Indoor Tested: Xplova Noza S Smart Trainer & The X2 GPS

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‘Moving forward’. No, we’re not using a political slogan here, but talking about Xplova—a smaller player in the cycling technology market. The ‘Xplova’ stems from ‘explore’ and Spanish word ‘va’ which translates to ‘explore and move forward’. 

Xplova's X2 is the company's entry level GPS computer with the range going up to the X5 EVO that includes a forward facing video camera. 

And it seems a theme true to the company, best known for their range of GPS/bike computers. The first of the two products we are looking at from Xplova, the X2, is the third GPS offering from the company.

Backed and powered by tech giant Acer, the X2 is the entry level junior sibling to the X3 and the standout offering, the video camera equipped X5.

With the top end covered, Xplova have seen a gap and added a surprisingly impressive model to the lower end of the market. 

The standout feature with the X2 is a 40-hour battery life. Charging is via micro USB and while we didn’t go on any two-day rides, the battery life claim holds true.

It's an impressive no nonsense device that does pretty well everything the better known offerings do, but for around $200. Final pricing and Australian availability will be announced soon.

Xplova Noza S 

In January 2020 (talk about the timing, considering the global indoor cycling boom!), the company launched their Noza S smart trainer.

Aimed at the budget or entry level market, the Noza S is a fully featured smart trainer—let’s unbox it, take a closer look, and ride it through Watopia.

First up, this is a solid unit with a freight weight of just over 17 kilos—it’s a hefty device. It’s a slick looking unit that resembles (but is not related to) the Kickr Core from Wahoo. Unboxed and lifted into position in the paincave and one of the first key points we noticed was how securely the Noza plants itself on the floor. The front support is wider than the rear and assists with impressive stability. Unlike some other smart trainers, there’s no integrated handle and the support legs are fixed in place once the unit is assembled.

Speaking of the front leg, two levels of adjustment are possible via a simple locator hole, lock pin and tuning knob. This helped with tweaking the overall setup and getting a comfortable ride feel.

Next step is installing a cassette. Unlike some other similar-species smart trainers, the Noza S does not come with a cassette, so this is something you’ll need to take into account. The Noza will take 9, 10 and 11-speed Shimano/SRAM cassettes and is road and MTB compatible.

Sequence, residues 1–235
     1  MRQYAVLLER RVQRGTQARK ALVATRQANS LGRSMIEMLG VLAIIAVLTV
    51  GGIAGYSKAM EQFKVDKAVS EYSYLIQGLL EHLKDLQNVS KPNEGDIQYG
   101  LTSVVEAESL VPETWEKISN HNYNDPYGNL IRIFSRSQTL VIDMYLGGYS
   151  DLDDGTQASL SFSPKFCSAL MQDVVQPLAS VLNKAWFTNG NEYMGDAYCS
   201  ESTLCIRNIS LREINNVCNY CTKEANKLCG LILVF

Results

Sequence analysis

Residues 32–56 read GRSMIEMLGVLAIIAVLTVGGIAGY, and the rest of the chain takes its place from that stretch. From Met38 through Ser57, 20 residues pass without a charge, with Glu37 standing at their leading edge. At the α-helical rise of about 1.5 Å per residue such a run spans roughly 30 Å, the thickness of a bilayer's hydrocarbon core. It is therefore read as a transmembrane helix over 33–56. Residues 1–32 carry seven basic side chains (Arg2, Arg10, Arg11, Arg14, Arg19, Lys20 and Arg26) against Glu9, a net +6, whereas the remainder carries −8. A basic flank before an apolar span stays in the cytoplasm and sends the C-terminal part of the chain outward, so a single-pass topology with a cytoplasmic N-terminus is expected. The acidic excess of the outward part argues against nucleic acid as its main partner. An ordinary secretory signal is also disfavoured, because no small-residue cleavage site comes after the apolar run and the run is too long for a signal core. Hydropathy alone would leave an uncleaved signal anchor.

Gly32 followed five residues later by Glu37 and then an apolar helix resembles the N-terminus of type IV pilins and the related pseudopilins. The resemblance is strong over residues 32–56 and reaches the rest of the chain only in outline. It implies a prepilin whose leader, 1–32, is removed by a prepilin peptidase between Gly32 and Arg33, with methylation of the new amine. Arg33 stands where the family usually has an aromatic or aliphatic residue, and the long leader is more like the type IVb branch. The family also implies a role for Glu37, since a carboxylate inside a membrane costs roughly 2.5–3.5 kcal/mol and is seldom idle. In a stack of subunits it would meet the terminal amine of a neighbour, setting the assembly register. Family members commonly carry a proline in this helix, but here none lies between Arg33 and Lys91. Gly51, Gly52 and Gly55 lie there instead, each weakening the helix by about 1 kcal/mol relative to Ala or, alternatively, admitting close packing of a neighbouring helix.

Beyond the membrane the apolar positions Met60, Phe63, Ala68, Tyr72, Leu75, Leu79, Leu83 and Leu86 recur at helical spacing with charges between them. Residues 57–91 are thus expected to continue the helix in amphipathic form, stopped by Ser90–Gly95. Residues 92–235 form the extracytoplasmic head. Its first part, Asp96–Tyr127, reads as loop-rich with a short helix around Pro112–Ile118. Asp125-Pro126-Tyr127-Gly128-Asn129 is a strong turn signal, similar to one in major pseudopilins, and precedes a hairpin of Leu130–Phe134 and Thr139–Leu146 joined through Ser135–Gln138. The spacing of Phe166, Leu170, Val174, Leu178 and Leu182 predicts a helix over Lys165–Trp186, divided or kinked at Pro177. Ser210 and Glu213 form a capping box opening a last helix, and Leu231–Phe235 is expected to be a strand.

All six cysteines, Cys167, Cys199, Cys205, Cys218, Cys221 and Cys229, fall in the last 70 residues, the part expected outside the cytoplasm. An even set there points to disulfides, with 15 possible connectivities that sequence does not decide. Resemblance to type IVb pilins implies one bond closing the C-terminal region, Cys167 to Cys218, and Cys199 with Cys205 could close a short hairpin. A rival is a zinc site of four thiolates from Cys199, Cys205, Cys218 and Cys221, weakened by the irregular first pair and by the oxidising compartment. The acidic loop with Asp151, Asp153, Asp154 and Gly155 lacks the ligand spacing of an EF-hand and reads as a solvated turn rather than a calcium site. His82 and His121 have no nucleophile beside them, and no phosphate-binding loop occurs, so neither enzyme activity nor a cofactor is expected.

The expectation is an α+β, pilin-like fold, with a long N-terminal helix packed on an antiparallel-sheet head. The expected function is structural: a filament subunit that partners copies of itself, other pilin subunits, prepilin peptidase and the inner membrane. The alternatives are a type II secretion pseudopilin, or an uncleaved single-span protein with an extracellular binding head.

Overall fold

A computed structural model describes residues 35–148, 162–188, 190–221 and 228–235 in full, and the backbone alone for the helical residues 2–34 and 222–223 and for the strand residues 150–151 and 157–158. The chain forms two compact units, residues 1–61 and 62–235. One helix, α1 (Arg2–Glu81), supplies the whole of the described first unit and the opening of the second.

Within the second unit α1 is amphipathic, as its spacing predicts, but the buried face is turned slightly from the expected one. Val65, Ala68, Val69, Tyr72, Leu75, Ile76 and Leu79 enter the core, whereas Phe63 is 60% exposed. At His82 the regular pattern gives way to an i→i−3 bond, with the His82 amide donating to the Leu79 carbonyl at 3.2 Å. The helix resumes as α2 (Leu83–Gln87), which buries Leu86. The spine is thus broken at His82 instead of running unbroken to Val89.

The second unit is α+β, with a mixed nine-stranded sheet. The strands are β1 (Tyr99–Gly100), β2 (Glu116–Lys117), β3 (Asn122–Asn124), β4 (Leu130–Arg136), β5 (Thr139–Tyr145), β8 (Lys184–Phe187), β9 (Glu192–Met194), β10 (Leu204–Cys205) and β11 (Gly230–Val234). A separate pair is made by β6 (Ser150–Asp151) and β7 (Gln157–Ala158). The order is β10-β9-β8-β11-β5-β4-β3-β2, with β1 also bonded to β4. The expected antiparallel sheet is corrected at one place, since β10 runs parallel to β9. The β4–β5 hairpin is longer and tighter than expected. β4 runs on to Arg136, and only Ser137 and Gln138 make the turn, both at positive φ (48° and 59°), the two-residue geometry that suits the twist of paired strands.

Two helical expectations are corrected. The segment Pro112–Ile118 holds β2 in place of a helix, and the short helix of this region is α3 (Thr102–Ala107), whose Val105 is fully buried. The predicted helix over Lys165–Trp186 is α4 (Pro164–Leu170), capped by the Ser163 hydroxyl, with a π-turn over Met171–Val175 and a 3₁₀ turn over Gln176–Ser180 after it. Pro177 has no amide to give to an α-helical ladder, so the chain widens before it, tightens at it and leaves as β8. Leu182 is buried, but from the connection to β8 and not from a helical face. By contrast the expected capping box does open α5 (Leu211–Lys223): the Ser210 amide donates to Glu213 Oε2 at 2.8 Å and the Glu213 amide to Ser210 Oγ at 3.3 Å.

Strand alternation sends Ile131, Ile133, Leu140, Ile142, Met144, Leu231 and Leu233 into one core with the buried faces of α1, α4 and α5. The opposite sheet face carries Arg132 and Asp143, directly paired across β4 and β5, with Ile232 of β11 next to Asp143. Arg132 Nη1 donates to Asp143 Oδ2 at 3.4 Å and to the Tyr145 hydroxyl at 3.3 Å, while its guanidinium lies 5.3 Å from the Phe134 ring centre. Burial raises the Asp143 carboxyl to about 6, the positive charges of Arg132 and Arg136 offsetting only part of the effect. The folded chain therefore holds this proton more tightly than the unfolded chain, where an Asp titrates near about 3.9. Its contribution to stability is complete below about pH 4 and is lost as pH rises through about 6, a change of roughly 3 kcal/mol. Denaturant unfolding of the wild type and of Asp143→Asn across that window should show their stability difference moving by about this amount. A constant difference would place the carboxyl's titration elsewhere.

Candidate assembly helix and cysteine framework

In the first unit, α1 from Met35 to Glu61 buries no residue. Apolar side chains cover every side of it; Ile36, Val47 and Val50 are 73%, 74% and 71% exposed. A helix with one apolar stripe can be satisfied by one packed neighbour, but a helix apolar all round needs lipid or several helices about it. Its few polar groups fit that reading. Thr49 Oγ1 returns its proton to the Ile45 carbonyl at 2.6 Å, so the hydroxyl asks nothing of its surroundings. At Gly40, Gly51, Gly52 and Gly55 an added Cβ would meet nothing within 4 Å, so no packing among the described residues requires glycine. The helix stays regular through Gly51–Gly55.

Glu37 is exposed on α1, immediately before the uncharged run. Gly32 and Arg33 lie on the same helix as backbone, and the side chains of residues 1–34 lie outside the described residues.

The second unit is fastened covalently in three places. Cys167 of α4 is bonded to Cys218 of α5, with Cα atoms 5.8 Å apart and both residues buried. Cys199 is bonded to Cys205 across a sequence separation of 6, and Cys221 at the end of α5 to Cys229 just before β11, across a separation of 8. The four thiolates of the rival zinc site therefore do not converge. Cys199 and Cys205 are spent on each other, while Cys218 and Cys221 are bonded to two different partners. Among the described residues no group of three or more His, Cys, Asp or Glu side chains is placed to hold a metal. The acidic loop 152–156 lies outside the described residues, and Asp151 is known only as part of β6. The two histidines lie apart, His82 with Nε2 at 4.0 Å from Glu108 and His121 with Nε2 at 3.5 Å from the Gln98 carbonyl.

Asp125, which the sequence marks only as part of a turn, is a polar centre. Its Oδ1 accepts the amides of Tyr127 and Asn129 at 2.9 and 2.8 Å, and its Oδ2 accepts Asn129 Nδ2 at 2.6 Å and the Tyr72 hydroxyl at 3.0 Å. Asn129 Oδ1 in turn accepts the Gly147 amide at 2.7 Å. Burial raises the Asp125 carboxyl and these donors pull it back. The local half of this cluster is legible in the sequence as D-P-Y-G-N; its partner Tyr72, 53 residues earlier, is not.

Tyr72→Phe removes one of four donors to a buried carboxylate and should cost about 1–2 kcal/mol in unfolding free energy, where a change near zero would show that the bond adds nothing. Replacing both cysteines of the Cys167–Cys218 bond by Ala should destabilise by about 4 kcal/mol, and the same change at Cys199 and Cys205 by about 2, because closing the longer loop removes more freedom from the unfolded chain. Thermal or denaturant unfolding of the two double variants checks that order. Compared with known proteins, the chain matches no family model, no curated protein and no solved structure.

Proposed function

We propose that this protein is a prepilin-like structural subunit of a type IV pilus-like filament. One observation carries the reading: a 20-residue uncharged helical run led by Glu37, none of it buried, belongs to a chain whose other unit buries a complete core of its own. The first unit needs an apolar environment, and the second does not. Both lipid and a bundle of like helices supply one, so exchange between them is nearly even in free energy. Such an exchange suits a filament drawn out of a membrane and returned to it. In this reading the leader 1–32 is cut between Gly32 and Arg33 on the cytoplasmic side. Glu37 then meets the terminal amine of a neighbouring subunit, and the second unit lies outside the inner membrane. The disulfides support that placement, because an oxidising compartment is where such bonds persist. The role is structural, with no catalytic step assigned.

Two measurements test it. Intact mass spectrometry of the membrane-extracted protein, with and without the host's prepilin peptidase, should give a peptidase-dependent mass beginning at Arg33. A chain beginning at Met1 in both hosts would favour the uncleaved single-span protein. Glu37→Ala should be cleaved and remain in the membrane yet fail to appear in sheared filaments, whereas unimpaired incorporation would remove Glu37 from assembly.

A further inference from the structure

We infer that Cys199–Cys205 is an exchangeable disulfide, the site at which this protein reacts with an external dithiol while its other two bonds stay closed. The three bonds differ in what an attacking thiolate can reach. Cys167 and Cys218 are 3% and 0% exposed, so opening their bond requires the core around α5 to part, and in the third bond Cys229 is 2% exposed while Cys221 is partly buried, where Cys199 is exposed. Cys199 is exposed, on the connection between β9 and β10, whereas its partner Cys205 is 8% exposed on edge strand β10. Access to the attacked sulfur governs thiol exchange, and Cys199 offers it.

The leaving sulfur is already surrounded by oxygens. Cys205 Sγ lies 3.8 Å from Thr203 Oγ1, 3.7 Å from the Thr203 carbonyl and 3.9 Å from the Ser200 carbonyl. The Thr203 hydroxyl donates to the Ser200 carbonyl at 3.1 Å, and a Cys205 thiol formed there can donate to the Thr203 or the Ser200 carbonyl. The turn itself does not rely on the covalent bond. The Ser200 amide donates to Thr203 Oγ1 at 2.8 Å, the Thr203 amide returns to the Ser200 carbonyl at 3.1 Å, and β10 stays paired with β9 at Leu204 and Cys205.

The Xplova Noza S comes securely packaged and assembly proved to be relatively simple.

Out of the box the test unit was ready for a quick release setup, although a thru axle adapter was included. The trainer will also accommodate flat-mount disc and rim-brake equipped frames. There are adaptors for 130mm and 135mm drive, a QR skewer and the included AC adaptor.

Putting the trainer together was a simple affair, assembly tools were included in the packaging and set-up, although well documented in the quick start guide, was straightforward and took about 15 minutes.

Fitting the spin bike was also a cinch; the bike sat snuggly and securely atop the Noza. Plug the adaptor into 240v and you are almost ready to roll.

...Push on the pedals and one of the first things we noticed was a solid and realistic feel, with the 5.9kg flywheel...

Next step was to connect the Noza to Zwift via Bluetooth—three to four turns of the cranks and the trainer was identified and synced. Of interest, the Noza S is also ANT+ equipped and will automatically dual sync with the more popular training apps such as Zwift, Trainer Road and Rouvy. According to associated documents it will only sync with Fulgaz via Bluetooth.

ABOVE: A slick-looking smart trainer, the Noza from Xplova. 

Push on the pedals and one of the first things we noticed was a solid and realistic feel, with the 5.9kg flywheel offering real resistance and something serious to push against. 

Of note is the incorporation of a cover on the outside of the flywheel—a thoughtful touch to keep this fast-turning key component free of potential obstructions.

Rolling out of the Hilly Loop in Watopia, the Noza offered a quiet ride. We were expecting a little more noise, but it seems the claimed 58db at around 30kph is on the money.

The trainer proved smooth acceleration and consistency through the undulating course—for an entry level smart trainer it performed flawlessly and certainly didn’t disappoint in any area of operation.

Finish and attention to detail are top notch and the Noza does seem to stack up well against the competition. There were slight concerns over power accuracy in earlier models – xplova say this has been remedied via the latest firmware update.

Overall, and it’s difficult to find an area of the Noza to be critical of. While it may not feature all the bells and whistles of a top-end smart trainer, it certainly ticks each and every box so far as critical requirements go. It is sharply priced, simple to assemble, easy to connect. On top of this it is quiet in operation, smooth to ride and as equally realistic on the climbs as higher-specced smart trainers. 

SPECIFICATIONS 

Dimensions: 593 x 514 x 465mm

Weight (assembled): 17kg

Sound level: 58bd at 30kph

Flywheel weight: 5.9kg

Power Output: 2500watts at 58k/ph

Accuracy: +/- 2%

Connectivity: ANT+, ANT + FEC, Bluetooth

Firmware Upgrades: Yes

RRP: $1299 (look for specials online)

 

 

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